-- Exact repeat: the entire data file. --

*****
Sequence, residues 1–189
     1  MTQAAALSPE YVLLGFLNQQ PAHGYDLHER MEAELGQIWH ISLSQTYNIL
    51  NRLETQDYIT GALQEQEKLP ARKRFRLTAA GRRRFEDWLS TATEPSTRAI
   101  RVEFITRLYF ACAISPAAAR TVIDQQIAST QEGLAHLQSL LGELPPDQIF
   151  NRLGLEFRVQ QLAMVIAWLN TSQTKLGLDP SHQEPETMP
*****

Sequence, residues 1–189
     1  MTQAAALSPE YVLLGFLNQQ PAHGYDLHER MEAELGQIWH ISLSQTYNIL
    51  NRLETQDYIT GALQEQEKLP ARKRFRLTAA GRRRFEDWLS TATEPSTRAI
   101  RVEFITRLYF ACAISPAAAR TVIDQQIAST QEGLAHLQSL LGELPPDQIF
   151  NRLGLEFRVQ QLAMVIAWLN TSQTKLGLDP SHQEPETMP